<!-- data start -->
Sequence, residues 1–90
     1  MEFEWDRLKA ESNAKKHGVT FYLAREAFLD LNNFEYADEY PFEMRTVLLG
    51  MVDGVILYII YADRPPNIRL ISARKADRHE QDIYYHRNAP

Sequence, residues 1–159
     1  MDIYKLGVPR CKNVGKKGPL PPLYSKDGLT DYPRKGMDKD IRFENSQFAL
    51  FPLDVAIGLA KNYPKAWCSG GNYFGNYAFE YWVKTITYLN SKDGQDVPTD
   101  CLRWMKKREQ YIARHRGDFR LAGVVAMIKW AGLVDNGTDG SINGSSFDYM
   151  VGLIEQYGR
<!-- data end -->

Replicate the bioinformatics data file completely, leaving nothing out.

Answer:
Sequence, residues 1–90
     1  MEFEWDRLKA ESNAKKHGVT FYLAREAFLD LNNFEYADEY PFEMRTVLLG
    51  MVDGVILYII YADRPPNIRL ISARKADRHE QDIYYHRNAP

Sequence, residues 1–159
     1  MDIYKLGVPR CKNVGKKGPL PPLYSKDGLT DYPRKGMDKD IRFENSQFAL
    51  FPLDVAIGLA KNYPKAWCSG GNYFGNYAFE YWVKTITYLN SKDGQDVPTD
   101  CLRWMKKREQ YIARHRGDFR LAGVVAMIKW AGLVDNGTDG SINGSSFDYM
   151  VGLIEQYGR